Section 5 instructed “the President of the United States to cause the seizure of all the estate and property, money, stocks, credits, and effects of” Confederate officials, military officers, and persons who had taken an oath of allegiance to the Confederacy. Further, it directed the president “to apply and use the same and the proceeds thereof for the support of the army of the United States.”
Section 6 provided people in rebellion against the United States, or aiding the rebellion (other than those mentioned earlier in the act), with a grace period of sixty days to “cease to aid, countenance, and abet such rebellion, and return to his allegiance to the United States. All of “the estate and property, moneys, stocks, and credits” of people failing to comply were subject to seizure by the president.
Section nine of the act cleared up the ambiguity created in the First Confiscation Act regarding the status of fugitive or captured slaves. It declared that slaves captured by Union forces or escaping from Rebel forces while being used to aid the rebellion “shall be deemed captives of war, and shall be forever free of their servitude, and not again held as slaves.” (emphasis added).
Beyond clarifying the status of so-called contrabands, this section of the legislation was another significant step toward universal emancipation. While it did not free slaves of owners who remained loyal to the government, it emancipated those owned by people who remained enemies of the state if or when they escaped or were captured.
Section 10 insured the newly created status of former slaves freed under section 9 by stating that “no person engaged in the military or naval service of the United States shall, under any pretence whatever, assume to decide on the validity of the claim of any person to the service or labor of any other person, or surrender up any such person to the claimant, on pain of being dismissed from the service.”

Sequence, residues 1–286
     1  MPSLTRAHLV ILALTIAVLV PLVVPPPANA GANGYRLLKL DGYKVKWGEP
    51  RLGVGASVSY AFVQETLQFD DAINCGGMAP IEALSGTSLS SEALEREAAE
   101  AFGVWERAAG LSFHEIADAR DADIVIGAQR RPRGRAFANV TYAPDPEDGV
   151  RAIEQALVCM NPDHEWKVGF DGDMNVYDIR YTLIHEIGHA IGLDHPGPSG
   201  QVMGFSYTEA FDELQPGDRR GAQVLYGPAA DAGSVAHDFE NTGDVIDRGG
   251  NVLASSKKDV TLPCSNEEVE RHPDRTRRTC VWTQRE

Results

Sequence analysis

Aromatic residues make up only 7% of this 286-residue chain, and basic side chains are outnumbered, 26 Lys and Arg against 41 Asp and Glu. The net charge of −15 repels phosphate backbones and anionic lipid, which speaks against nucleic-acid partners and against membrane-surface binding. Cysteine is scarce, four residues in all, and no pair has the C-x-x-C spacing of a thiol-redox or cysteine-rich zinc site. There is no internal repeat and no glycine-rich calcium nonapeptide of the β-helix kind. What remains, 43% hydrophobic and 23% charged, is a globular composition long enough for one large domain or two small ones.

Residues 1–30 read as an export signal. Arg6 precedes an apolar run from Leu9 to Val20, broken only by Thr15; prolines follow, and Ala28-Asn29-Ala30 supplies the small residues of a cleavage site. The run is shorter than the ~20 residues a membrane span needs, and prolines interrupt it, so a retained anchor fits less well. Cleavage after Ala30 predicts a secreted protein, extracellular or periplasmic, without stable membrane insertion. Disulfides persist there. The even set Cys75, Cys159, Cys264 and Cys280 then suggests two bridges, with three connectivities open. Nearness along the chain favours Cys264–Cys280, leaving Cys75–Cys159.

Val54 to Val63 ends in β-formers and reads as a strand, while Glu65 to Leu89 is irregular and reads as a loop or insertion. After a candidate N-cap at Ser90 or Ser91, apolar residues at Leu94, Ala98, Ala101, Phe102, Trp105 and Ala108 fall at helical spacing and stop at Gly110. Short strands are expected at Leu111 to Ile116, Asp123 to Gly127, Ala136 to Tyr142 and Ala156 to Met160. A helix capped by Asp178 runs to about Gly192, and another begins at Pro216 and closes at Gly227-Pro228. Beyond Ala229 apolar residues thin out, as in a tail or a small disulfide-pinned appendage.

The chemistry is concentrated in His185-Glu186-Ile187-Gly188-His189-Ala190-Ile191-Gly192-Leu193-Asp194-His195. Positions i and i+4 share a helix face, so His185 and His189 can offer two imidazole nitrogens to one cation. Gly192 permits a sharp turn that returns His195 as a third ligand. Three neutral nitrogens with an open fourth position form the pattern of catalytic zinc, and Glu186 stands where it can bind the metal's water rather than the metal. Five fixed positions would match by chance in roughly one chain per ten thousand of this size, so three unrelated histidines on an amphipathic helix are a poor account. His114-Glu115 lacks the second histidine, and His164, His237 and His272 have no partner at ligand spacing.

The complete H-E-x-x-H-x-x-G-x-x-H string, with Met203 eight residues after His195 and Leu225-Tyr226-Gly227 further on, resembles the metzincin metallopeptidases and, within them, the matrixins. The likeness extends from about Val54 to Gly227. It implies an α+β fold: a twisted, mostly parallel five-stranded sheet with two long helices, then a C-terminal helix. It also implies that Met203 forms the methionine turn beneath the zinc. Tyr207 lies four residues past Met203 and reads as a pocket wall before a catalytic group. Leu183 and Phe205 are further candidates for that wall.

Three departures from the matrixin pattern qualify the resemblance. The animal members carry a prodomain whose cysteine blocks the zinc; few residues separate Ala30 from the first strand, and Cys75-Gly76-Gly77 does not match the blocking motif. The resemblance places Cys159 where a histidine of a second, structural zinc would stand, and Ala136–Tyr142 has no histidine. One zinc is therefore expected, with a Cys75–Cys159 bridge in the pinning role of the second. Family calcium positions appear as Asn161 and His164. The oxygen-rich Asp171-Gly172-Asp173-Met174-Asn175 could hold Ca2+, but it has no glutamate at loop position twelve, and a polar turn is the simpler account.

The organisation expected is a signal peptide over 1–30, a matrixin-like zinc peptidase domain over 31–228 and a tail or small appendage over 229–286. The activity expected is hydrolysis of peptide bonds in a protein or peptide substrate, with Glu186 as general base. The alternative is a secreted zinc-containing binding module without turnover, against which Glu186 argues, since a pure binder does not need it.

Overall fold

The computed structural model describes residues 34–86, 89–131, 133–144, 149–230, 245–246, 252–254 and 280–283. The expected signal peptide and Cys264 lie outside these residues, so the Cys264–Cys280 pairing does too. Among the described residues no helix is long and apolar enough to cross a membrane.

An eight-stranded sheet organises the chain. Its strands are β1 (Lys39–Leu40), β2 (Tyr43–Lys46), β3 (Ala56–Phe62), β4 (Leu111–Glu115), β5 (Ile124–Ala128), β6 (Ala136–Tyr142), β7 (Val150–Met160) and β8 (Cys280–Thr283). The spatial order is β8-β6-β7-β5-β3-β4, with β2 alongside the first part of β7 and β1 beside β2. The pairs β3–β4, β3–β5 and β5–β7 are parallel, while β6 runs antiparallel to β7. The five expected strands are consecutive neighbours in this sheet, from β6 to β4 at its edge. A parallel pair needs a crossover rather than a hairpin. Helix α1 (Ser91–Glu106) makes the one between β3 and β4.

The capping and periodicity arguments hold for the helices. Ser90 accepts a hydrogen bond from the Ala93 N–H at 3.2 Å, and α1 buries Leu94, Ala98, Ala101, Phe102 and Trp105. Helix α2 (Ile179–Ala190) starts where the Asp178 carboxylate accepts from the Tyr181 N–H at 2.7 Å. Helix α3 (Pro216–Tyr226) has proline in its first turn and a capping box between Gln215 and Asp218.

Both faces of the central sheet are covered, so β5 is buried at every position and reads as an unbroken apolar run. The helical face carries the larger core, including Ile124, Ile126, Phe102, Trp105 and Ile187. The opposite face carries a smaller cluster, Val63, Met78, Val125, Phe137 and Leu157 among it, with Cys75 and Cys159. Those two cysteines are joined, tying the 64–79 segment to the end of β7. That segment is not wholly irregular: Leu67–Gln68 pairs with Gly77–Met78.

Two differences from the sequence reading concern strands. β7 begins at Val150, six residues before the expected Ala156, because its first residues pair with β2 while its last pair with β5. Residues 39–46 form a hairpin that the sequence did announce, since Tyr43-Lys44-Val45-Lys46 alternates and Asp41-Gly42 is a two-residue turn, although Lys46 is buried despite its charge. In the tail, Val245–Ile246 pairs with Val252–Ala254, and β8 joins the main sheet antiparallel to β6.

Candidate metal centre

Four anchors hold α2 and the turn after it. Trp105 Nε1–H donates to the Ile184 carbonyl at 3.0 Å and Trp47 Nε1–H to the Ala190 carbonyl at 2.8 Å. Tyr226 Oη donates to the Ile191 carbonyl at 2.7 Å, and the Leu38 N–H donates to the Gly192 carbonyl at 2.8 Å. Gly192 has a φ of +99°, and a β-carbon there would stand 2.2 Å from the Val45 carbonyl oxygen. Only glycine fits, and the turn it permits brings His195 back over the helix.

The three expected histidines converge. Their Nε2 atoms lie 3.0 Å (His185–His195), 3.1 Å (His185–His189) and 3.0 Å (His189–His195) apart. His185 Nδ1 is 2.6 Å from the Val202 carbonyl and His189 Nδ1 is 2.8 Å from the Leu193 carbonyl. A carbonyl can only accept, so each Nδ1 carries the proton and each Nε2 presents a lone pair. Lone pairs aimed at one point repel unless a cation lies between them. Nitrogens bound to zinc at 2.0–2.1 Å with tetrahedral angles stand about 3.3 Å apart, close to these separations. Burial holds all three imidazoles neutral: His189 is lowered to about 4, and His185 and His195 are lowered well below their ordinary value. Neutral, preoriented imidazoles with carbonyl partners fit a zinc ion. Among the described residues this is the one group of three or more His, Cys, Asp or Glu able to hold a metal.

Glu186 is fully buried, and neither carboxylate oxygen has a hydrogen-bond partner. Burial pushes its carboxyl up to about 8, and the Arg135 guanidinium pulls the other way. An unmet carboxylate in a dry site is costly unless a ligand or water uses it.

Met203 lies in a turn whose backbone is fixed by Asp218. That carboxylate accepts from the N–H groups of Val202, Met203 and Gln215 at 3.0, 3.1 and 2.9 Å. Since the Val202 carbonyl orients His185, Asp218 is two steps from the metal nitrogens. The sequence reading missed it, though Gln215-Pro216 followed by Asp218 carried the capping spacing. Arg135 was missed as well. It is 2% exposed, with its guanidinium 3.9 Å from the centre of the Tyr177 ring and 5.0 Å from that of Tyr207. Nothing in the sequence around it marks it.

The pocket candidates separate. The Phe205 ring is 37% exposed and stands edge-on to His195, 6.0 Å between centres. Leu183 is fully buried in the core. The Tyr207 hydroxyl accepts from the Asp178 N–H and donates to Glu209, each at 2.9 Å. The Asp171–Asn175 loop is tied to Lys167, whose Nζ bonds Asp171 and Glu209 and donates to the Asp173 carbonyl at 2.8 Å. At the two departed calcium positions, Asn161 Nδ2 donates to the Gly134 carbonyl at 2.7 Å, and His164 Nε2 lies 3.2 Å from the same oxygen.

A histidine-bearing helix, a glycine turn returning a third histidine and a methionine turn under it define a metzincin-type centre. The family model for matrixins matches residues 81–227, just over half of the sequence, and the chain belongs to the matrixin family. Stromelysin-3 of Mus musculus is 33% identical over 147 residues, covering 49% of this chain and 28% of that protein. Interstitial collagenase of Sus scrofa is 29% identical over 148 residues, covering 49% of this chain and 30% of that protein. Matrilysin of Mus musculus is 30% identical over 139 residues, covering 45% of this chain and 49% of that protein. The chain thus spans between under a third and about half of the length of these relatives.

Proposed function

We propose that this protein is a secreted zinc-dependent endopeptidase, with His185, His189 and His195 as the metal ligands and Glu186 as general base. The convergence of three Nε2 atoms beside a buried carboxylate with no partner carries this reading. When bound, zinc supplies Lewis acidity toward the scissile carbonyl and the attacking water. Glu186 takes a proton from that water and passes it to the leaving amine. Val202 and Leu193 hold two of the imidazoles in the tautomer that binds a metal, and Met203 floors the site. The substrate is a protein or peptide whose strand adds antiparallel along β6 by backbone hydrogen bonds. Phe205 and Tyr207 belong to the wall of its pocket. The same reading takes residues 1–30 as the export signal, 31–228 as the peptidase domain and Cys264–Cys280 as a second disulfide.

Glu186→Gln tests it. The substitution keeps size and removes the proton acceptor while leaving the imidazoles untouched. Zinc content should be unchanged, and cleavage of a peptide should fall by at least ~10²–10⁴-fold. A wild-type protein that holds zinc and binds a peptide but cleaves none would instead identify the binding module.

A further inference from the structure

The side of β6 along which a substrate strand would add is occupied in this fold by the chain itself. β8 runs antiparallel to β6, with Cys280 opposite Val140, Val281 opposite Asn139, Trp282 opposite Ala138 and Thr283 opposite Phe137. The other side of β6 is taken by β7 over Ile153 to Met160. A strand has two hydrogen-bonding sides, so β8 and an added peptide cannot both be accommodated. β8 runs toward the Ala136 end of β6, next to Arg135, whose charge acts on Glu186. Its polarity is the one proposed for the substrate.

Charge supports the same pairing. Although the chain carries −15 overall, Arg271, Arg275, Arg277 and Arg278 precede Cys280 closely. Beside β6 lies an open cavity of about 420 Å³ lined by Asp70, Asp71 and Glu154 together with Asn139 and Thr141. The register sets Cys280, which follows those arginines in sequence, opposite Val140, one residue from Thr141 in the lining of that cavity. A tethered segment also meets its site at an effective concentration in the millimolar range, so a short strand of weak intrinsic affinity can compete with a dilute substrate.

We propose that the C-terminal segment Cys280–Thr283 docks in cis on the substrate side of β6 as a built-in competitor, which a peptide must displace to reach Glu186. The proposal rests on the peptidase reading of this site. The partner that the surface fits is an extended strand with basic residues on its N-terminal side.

Section 11 struck a blow for human rights, and the Union war effort, by asserting “That the President of the United States is authorized to employ as many persons of African descent as he may deem necessary and proper for the suppression of this rebellion, and for this purpose he may organize and use them in such manner as he may judge best for the public welfare.” This section opened the door for the enlistment of African-Americans as soldiers, as opposed to their former roles as menial laborers for the military. As the Civil War’s goals extended to encompass the abolition of slavery, African-Americans enthusiastically responded to this section, helping to shape their own destiny.
The final section of the legislation was a testament to the racist attitudes that existed in 19th Century America, even amongst those willing to fight for the abolition of slavery, including President Lincoln. This section authorized the president “to make provision for the transportation, colonization, and settlement, in some tropical country beyond the limits of the United States, of such persons of the African race, made free by the provisions of this act, as may be willing to emigrate, having first obtained the consent of the government of said country to their protection and settlement within the same, with all the rights and privileges of freemen.” While several thousand of the millions of slaves liberated by the Civil War eventually opted for some form of colonization, the vast majority chose to stay in their adopted homeland.
Much like its predecessor, the Second Confiscation Act was only marginally successful. Federal forces confiscated minimal Confederate property, and President Lincoln’s Emancipation Proclamation soon rendered the act superfluous. Lincoln’s executive order, first issued five days after the Battle of Antietam was much more expansive because it liberated all slaves within Confederate states regardless of the allegiance of their owners. Still, the Confiscation Act of 1862 remains a significant, if underappreciated, advancement toward the abolition of slavery in the United States.